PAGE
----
Long-time readers of this blog will recall that
I have struggled with the problem of having to keep the chickens penned and wanting to give them the space and freedom all living creatures seek. Our goal at our new place is to have enough land to give them just that; to allocate a large area for them to run outside, chase bugs, dig worms, eat what foliage they desire, and generally live the good chicken life.

So while I miss my chickens, I try to imagine them enjoying a life in the country, and look forward to giving our next chickens the same benefits after we move. It’s hard, however, not just to give up the chickens, but to leave the garden. I thought it would take much longer to sell the house, that I’d have one last summer to enjoy what’s shaping up to be our best garden yet.



Already we have harvested pounds and pounds of strawberries. They’re larger than the ones I grew a couple of years ago in the planter boxes and much juicier and more flavorful than the ones you buy in the grocery store. So far, I have canned seven jars of jam, 4 jars of strawberry syrup, and Rick has frozen two quarts of whole berries. Plus we have eaten many and given some away. Last evening he came in with that half peck box overflowing with yet more strawberries – and they’re still coming! All from an $8 package of strawberry roots I bought last spring.

The sweet potatoes I over-wintered survived and transplanted well, the potatoes are going gang-busters, and the tomatoes I started from seed in the house are my biggest and strongest seedlings yet. But I have to look to the future – to having more space for both chickens and garden, as well as a more energy-efficient home.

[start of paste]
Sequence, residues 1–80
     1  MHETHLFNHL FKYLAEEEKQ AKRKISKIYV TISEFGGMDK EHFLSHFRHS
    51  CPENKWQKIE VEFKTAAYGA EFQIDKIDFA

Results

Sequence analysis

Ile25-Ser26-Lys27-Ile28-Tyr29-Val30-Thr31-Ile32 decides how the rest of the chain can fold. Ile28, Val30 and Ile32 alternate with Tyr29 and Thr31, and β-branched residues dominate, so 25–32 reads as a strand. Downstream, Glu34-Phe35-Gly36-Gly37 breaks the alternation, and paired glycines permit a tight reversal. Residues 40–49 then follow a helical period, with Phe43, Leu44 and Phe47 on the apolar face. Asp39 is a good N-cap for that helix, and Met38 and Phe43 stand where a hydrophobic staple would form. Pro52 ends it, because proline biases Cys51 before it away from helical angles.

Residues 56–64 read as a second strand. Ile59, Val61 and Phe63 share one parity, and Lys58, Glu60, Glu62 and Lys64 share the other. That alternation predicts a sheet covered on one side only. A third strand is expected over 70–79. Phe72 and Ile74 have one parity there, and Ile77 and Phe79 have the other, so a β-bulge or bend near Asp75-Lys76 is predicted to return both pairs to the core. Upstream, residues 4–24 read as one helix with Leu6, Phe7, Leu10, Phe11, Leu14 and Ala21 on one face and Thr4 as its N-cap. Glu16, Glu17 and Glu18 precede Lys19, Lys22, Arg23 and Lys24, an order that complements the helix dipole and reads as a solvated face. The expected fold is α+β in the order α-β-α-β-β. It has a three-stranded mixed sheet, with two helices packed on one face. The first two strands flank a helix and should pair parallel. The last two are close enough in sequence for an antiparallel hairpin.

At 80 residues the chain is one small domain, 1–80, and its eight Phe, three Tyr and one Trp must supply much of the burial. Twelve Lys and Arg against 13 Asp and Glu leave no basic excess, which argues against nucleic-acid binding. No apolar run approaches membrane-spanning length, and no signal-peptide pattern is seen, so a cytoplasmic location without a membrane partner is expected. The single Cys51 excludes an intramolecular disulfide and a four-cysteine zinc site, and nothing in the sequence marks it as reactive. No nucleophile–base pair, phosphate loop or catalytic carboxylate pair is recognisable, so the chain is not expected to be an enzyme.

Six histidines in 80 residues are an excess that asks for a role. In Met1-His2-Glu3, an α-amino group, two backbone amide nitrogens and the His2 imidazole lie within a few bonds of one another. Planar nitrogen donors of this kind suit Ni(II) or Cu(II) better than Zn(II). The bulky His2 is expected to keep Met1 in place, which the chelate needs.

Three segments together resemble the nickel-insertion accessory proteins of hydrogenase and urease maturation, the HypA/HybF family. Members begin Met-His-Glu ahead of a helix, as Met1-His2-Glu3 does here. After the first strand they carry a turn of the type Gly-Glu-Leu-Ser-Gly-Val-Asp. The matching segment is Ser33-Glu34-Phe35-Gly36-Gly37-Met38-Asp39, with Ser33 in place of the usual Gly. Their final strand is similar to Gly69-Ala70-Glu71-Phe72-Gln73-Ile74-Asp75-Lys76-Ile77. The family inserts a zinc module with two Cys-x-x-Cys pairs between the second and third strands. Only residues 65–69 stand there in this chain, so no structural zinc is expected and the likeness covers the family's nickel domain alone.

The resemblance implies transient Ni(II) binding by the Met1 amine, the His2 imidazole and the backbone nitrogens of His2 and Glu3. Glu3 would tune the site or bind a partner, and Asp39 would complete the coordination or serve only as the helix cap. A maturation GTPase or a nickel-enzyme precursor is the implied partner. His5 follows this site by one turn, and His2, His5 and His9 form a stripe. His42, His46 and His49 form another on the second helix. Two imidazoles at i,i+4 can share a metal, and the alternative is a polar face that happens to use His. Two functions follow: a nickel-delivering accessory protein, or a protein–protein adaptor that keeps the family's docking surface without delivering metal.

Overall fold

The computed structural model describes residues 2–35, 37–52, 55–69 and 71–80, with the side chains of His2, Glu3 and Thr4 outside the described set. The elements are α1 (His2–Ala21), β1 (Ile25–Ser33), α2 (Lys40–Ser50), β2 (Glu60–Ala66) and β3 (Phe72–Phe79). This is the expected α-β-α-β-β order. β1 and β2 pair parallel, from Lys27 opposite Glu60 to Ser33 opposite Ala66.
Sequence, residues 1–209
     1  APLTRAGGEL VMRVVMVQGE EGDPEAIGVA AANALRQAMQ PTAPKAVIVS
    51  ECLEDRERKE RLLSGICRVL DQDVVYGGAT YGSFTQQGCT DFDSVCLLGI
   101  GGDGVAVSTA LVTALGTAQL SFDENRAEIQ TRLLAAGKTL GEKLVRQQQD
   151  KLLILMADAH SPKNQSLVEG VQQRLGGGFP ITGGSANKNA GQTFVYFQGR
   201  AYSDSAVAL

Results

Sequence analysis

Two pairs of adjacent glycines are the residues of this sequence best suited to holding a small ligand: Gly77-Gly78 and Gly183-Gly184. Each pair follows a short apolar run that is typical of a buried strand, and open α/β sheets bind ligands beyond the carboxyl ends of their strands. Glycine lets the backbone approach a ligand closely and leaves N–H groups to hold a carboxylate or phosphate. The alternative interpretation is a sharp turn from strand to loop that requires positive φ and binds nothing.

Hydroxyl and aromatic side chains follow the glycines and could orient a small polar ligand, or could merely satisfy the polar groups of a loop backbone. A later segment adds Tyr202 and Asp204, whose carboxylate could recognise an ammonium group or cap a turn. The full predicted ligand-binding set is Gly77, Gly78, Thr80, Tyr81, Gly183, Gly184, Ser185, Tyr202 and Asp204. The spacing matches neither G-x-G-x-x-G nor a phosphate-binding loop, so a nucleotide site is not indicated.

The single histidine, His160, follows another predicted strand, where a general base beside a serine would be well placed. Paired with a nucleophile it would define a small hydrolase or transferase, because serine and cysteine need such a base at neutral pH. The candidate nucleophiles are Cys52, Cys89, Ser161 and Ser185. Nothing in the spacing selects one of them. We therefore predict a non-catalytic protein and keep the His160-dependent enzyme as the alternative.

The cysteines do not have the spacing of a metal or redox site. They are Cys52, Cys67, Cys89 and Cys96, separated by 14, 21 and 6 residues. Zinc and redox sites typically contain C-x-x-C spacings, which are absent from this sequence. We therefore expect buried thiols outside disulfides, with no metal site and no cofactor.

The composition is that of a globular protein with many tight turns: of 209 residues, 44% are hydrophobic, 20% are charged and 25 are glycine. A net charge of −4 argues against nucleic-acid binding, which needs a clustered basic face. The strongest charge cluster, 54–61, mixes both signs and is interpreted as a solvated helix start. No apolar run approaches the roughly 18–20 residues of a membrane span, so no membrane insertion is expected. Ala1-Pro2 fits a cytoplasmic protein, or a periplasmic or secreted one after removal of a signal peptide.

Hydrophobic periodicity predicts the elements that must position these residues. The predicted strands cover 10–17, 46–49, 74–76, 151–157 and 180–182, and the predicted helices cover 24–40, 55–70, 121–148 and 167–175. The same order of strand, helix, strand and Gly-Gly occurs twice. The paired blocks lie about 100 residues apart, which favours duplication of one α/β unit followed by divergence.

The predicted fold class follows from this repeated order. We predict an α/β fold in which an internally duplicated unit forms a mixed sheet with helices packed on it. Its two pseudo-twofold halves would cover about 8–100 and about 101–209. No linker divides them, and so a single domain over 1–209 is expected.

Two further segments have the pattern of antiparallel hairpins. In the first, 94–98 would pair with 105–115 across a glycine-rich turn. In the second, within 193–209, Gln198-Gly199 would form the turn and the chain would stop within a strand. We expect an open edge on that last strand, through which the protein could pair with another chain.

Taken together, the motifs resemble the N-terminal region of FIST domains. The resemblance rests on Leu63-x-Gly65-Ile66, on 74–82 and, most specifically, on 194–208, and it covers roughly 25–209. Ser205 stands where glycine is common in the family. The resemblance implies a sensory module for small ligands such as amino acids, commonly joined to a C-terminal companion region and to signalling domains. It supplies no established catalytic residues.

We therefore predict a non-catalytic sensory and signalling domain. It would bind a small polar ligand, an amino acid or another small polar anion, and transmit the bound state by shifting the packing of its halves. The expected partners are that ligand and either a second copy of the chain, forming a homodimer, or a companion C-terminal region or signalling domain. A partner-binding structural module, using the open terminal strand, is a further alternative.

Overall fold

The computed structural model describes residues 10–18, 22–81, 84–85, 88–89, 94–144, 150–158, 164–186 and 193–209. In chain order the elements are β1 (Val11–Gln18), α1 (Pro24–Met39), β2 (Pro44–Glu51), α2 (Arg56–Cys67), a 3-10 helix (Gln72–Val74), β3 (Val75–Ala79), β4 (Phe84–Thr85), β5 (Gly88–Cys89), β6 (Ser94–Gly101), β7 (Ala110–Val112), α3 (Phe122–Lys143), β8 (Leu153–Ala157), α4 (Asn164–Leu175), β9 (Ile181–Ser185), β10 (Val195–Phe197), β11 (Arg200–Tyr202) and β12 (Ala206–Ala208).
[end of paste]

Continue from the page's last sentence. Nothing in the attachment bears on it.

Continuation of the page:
My last post for this blog will be up early next week. In it, I’ll detail the reasons why I feel it so important for all of us to get going on growing more of our own food. I’m taking my time with it because I want to provide plenty of links to other articles. I’ve been steeped in this stuff for six years, but some of the issues may be new to some people. So I want them to be able to read more about it if they’re interested. Look for the post on Monday or Tuesday.

4 comments:

Callie said...

There are lots of good chicken blogs out there so you can still visit some chickens and won't miss them so much.

This is a neat site. I like reading the henblog and there is a hen cam to watch the chickens in the daytime.

http://www.hencam.com/henblog/

That must have been hard finding a home for your hens. I hope your move and resettling goes smoothly and you are soon in your own place.

Anonymous said...

I would like to read more soon. By the way, pretty good design this site has, but don’t you think it should be changed from time to time?

Anonymous said...
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Anonymous said...

I'm new to chickens and stumbled upon your site. What a lovely tribute to Bat Girl. You made me sniffle.

I hope you find the land you desire and Bat Girl is watching you from somewhere waiting for your cracked corn!